Kazungu Kambi, Labour Cabinet Secretary
Labour Cabinet Secretary Kazungu Kambi has temporarily suspended the recruitment of domestic workers to the Middle East and the Gulf region in an effort to put an end to the rampant cases of misery Kenyans seeking greener pastures in these regions are finding themselves in.
The CS has also revoked licenses of over 900 agencies recruiting workers and maintained that the recruitment agencies will be subjected to a fresh vetting before they can be issued with new licenses. Foreign agencies recruiting in Kenya will also be required to go through the country’s embassies vetting process.
“As a government we cannot just watch as our people die in the name of our people working in foreign countries,” Labor Cabinet Secretary Kazungu Kambi said during a press conference in Nairobi early this week.
MODERN DAY SLAVERY
There have been rampant cases of mistreatment and modern day slavery aired by victims working in the Middle East and particularly in Saudi Arabia and the United Arab Emirates (UAE) who have eventually been lucky enough to return home alive and not in a coffin as has happened in the most unfortunate cases.
The most common violations often include sexual assault, reneging on terms of employment, harsh working conditions and physical abuse and murder in some cases.
Deceitful recruitment agencies owned by selfish individuals who have no regard for life and are ready to trade another human’s soul for money continue to promote this servitude as they often abandon these workers as soon as they part with the recruitment fees and move to the next willing job-seeker.
Some victims who possess tertiary level of education are often deceived with promises of lucrative jobs such as saleswomen, hotel attendants, drivers, waiters, and chefs only to find out once they reach their destination that they are shakalas (a ‘maid’ in Arabic)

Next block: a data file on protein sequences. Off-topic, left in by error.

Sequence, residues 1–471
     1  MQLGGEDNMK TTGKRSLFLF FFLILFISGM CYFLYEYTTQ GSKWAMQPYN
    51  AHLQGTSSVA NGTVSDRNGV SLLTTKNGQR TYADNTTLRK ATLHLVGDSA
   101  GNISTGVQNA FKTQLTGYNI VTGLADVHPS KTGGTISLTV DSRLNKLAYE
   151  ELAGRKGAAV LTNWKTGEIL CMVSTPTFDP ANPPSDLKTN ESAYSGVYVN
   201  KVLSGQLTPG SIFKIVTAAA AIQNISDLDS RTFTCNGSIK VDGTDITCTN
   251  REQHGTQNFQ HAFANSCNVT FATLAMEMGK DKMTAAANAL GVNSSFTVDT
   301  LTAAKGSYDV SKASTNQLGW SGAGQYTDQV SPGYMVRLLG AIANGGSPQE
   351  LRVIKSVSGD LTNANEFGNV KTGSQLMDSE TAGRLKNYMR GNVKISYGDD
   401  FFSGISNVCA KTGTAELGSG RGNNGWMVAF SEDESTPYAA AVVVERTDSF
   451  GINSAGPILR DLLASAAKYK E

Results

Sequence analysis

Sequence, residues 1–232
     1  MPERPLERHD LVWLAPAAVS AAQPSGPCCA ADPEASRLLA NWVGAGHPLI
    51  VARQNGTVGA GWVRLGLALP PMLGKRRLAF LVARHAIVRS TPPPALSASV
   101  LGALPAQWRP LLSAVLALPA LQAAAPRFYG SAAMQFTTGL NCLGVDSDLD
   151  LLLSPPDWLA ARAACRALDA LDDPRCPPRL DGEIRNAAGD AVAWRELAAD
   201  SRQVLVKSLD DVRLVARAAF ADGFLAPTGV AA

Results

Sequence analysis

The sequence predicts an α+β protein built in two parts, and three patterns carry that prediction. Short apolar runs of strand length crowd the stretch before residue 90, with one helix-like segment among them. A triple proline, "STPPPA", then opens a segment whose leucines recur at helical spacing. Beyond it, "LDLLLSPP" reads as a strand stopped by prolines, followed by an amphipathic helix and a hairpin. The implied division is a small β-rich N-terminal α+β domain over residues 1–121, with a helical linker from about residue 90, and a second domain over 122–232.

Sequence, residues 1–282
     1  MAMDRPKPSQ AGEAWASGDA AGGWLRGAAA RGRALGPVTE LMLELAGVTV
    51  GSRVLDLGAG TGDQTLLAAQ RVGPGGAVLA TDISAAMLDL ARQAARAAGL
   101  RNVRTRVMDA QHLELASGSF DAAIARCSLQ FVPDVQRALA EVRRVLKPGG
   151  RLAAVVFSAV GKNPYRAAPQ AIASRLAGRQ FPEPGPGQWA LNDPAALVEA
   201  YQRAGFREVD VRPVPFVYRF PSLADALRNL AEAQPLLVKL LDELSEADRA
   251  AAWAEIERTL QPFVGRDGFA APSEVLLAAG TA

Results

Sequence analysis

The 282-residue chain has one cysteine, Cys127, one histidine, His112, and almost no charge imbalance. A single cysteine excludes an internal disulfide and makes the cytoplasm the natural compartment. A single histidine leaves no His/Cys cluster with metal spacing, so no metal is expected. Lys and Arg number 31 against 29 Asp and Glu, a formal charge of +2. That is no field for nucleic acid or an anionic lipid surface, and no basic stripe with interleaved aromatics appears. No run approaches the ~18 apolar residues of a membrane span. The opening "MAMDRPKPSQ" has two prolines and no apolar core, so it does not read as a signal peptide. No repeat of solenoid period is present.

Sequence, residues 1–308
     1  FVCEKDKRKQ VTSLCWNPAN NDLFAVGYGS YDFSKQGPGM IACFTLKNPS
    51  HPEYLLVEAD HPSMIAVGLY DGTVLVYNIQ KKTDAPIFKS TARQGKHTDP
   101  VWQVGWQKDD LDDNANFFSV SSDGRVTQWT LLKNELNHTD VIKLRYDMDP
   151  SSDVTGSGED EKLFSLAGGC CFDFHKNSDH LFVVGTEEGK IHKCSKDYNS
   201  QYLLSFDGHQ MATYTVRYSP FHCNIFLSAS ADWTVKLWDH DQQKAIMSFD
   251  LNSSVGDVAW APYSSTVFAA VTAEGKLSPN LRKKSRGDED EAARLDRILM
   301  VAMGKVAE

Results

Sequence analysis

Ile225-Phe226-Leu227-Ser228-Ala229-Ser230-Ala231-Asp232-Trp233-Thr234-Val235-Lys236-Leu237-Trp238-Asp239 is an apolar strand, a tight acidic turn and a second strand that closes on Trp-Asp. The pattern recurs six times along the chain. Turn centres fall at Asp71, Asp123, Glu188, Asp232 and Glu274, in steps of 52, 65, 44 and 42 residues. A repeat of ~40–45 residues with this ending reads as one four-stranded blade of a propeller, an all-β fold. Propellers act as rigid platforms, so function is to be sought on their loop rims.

Victims often narrate how on arrival to their ‘master’ households they are usually forced to surrender their travel documents along with their human rights and dignity to their employers.
TWO WOMEN KILLED IN SAUDI ARABIA
In the past week, two Kenyan women working as house helpers in Saudi Arabia died under mysterious circumstances with at least 30 other Kenyans reported to be allegedly detained in the Kingdom this month after their employment agencies abandoned them.
The Saudi Embassy in Nairobi continues to refute the allegations but through a statement on Monday said that they would investigate the circumstances leading to the deaths of the women.
“The Kingdom will investigate the cases to ascertain the circumstances leading to the deaths and alleged servitude of Kenyan migrant workers,” the statement read in part.
THROWN FROM THIRD FLOOR WINDOW
In 2010, the story of one Ms Fatma Athman, of Kisauni, Mombasa, shocked fellow Kenyans when she returned home with broken limbs and a chilling story of how her Saudi employer had thrown her out of a third floor window, breaking her legs and hands. Luckily for Fatma, she had landed in a swimming pool and not on the pavement and fortunately as a result survived.
Another Kenyan woman, Susan Wanjiku, 29 who had also been working as a maid, said she had to live on dog food because her employers neither fed her nor allowed her out of the house.
In 2011, a body of a Kenyan girl was discovered locked up in a freezer adding to statistics of unexplained murders of migrants in The Gulf.
In August this year a 28 year old woman,Mary Achieng, died in Saudi again under mysterious circumtances. The last communication that Mary is said to have made home was via a text message send to her boyfriend asking to be send money to travel back home as she feared for her life.
These are just a fraction of the staggerring cases of the misery Kenyans seeking for work in Middle East often find themselves in and pressure has been mounting on the government to step up efforts to control the situation. The move by the labour CS is a step in the right direction.